This project will advance our understanding of how disease transmission will be affected by and evolve in response to environmental change. Diseases transmitted among hosts by small invertebrates such as mosquitoes or ticks (vectors) are on the rise across the world but our ability to measure and predict risk is lagging. Predicting vector-borne disease risk requires both an understanding of how all the species involved are likely to be affected by environmental change and how those interactions may evolve. The transmission of avian malaria in native and introduced Hawaiian birds is an ideal system to gain this understanding. The project will focus on the Hawaiian honeycreepers, a diverse group that includes many species that are threatened with extinction. Through the use of historical specimens of both the birds and the malaria parasite, the project will be able to document and model the evolution of disease tolerance and resistance over the past 80 years. The model methodology will then be available for broad application into any disease system in which evolution is expected to occur in response to shifting environmental conditions. The results will also be used for management of the bird species in Hawaii. The project will support undergraduate and graduate student training, and participation of local high school students.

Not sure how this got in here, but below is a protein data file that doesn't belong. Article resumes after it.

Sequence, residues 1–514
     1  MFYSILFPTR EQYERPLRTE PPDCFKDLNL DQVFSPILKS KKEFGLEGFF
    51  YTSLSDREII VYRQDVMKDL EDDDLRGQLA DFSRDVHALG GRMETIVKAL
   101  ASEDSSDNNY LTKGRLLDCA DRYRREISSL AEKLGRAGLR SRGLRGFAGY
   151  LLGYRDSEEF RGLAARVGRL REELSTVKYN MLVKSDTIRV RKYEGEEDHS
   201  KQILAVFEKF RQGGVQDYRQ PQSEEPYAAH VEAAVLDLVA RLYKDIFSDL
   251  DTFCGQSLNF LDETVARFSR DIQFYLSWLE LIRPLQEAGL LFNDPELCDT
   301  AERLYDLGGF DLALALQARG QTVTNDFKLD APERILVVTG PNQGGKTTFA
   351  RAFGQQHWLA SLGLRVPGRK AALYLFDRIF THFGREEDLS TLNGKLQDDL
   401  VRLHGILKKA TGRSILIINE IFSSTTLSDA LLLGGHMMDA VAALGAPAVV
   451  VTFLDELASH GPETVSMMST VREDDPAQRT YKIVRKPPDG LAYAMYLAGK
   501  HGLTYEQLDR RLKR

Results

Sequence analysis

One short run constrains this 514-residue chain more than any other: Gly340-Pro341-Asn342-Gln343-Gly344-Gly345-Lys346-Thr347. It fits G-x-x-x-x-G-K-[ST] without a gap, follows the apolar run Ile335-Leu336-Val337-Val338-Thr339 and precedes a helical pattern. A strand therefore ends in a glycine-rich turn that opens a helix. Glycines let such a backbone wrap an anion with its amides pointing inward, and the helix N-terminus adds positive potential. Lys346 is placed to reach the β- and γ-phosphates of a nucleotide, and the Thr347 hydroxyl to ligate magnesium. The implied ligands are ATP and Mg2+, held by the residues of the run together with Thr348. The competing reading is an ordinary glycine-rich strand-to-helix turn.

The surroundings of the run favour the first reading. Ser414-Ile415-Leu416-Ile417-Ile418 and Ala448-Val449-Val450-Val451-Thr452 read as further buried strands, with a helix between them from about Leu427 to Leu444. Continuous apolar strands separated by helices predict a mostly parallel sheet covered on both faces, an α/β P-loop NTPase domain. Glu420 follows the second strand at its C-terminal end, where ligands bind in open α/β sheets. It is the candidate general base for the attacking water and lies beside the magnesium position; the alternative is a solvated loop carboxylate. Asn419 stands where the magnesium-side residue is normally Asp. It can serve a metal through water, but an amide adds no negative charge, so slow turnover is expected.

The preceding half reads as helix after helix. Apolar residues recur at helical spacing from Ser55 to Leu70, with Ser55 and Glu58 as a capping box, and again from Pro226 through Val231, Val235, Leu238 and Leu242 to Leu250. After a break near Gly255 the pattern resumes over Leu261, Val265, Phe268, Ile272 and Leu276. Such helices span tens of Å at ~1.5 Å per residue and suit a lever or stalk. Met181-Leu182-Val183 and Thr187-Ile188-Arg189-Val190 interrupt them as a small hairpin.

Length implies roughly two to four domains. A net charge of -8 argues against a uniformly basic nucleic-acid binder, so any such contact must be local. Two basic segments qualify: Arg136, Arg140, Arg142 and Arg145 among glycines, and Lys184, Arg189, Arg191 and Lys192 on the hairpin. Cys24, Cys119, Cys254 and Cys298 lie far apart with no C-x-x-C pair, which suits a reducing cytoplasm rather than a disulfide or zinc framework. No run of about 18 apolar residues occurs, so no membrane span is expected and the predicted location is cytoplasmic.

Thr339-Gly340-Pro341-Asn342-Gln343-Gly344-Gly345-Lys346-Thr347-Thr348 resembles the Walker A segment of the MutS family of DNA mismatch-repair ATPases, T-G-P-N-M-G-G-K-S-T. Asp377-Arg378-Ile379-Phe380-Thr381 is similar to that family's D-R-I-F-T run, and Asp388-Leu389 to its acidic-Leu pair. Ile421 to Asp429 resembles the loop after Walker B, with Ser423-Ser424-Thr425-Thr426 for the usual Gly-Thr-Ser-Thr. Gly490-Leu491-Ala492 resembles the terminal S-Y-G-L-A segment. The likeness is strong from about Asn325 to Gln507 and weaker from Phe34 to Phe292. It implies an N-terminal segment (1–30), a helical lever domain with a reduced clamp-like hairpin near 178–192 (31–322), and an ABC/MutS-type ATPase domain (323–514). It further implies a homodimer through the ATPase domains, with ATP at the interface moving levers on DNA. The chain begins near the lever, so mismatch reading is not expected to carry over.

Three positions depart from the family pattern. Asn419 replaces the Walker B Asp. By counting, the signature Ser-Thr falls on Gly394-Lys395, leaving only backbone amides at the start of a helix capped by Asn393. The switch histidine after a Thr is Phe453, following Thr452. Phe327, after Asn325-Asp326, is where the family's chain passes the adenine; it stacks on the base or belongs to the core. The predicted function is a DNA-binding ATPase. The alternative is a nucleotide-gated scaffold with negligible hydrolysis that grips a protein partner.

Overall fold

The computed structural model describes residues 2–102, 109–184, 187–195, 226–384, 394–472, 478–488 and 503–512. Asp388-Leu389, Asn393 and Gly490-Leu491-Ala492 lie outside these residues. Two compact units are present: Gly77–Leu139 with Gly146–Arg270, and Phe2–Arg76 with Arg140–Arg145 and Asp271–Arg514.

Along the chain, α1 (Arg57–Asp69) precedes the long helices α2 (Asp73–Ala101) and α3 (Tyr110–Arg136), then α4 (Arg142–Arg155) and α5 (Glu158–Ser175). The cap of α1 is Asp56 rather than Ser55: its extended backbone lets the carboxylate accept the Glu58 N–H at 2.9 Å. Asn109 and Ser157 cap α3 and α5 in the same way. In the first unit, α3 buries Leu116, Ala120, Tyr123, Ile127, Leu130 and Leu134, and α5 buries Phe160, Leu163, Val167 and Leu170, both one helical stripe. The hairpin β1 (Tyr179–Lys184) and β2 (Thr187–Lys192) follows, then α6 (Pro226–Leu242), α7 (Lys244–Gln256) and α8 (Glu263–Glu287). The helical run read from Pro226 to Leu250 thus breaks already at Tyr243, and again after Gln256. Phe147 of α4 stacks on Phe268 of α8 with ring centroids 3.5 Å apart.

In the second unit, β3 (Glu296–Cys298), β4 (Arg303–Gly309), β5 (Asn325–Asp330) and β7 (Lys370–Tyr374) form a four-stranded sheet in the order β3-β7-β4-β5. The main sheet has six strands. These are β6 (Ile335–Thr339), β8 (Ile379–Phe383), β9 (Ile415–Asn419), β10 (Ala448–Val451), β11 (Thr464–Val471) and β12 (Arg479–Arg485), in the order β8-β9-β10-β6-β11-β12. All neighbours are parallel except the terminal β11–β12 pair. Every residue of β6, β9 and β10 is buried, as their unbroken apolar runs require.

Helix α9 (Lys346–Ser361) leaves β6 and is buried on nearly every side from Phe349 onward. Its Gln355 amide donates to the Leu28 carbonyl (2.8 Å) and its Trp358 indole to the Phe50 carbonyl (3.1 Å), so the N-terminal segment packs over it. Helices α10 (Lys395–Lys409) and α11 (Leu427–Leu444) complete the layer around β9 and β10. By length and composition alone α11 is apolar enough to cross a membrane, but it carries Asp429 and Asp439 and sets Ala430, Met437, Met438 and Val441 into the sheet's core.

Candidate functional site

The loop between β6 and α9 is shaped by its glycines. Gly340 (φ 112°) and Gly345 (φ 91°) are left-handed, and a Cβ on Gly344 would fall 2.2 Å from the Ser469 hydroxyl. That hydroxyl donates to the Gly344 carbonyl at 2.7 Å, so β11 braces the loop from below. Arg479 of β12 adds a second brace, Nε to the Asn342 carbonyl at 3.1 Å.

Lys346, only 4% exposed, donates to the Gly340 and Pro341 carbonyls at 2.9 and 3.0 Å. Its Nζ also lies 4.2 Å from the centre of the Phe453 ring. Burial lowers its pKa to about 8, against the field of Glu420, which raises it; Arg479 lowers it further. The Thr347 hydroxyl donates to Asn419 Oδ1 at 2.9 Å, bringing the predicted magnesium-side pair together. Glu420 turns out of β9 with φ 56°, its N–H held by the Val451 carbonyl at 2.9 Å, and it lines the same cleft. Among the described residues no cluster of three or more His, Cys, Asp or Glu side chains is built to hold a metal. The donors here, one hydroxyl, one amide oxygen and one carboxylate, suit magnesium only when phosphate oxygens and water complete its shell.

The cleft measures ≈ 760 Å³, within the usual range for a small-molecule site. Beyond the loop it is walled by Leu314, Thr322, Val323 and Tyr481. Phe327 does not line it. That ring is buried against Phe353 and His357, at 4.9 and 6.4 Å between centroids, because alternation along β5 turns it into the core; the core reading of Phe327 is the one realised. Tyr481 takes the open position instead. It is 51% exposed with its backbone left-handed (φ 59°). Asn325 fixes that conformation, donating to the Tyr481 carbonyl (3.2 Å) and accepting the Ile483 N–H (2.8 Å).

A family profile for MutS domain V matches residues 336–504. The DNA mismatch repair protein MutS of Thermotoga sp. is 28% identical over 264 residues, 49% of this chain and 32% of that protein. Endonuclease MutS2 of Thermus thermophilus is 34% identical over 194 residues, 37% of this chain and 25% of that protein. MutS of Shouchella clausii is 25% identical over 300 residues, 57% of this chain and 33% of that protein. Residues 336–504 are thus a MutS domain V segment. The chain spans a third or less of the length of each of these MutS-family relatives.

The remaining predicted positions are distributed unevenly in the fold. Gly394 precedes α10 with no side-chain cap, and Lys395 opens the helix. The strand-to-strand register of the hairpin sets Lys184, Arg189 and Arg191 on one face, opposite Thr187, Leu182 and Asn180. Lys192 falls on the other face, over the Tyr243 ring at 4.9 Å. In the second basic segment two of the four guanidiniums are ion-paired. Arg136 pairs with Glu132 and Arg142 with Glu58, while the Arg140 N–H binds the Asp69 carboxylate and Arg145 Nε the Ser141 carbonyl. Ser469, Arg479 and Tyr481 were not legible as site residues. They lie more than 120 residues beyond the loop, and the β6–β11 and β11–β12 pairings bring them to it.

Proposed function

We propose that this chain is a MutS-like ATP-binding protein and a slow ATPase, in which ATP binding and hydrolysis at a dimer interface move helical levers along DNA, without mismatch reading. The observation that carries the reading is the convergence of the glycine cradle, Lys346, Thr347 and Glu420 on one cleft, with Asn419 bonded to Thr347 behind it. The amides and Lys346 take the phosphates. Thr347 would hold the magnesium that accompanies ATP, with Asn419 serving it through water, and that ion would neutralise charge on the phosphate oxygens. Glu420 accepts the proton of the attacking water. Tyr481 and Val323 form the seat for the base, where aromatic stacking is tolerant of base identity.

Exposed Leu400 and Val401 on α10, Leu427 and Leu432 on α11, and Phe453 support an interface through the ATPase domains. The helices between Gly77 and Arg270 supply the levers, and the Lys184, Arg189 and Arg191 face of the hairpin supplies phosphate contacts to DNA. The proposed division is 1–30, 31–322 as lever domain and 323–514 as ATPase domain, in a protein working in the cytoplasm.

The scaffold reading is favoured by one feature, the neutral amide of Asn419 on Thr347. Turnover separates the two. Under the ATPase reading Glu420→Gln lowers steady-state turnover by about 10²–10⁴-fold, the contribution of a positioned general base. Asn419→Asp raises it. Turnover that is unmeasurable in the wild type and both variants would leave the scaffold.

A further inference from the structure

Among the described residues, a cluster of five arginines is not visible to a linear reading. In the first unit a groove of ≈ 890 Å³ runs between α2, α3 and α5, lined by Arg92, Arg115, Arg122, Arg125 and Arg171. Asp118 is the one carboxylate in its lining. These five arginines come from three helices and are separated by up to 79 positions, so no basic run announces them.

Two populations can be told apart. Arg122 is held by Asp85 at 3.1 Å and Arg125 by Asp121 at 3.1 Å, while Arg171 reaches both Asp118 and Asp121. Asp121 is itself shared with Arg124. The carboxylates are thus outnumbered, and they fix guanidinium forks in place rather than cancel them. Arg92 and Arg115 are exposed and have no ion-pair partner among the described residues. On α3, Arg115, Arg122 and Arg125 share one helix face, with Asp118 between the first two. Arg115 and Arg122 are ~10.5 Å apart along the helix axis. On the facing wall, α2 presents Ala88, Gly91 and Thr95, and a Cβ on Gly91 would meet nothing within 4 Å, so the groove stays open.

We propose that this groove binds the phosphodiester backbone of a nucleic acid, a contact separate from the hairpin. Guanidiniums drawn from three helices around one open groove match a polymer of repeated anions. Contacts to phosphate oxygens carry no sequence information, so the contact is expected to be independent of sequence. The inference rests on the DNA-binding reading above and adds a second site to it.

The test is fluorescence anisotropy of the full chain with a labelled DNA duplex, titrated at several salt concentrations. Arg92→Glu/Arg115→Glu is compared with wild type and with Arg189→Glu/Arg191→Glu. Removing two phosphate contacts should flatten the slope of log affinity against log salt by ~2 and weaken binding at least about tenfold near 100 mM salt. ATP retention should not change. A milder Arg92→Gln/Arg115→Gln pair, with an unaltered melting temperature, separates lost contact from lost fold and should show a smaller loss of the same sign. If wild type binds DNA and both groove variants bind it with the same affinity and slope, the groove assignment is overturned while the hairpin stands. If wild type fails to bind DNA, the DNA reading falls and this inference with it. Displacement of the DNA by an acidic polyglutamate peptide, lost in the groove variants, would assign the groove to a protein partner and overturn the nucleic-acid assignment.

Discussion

The agent of avian malaria in Hawaii is a non-native Haemosporidian parasite, Plasmodium relictum, vectored by mixes of two non-native strains of the mosquito Culex quinquefasciatus. Avian malaria in Hawaii occurs as a series of replicated natural experiments in which vector and parasite prevalence vary along elevational gradients on several islands, and a parallel gradient in tolerance among some bird hosts has been reported. Although P. relictum was previously highly virulent to all of the >50 species of Hawaiian honeycreepers, evolution of tolerance (or resistance) has been observed in at least three species including the amakihi (Chlorodrepanis sp.). Additionally, there is geographic variation within and across islands in host species composition, host tolerance, climate (temperature and precipitation), vector abundance, vector competence, and pathogen fitness. This project will 1) characterize the genomic signatures of parasites, hosts and vectors at different elevations replicated across islands and through time, the latter by using museum specimens; 2) perform common-garden experiments and experimental infections to assess differences in competence or virulence among strains of vectors and parasites, respectively; 3) integrate Aims 1 and 2 in predictive models of the impact of co-evolutionary changes on vector-borne disease transmission under current and future climate scenarios. We will use comparative genomics and transcriptomics at multiple spatial, temporal and experimental scales, and combine Susceptible-Infected-Resistant (SIR) models with evolutionary game theory to capture the reciprocal influence of changing populations.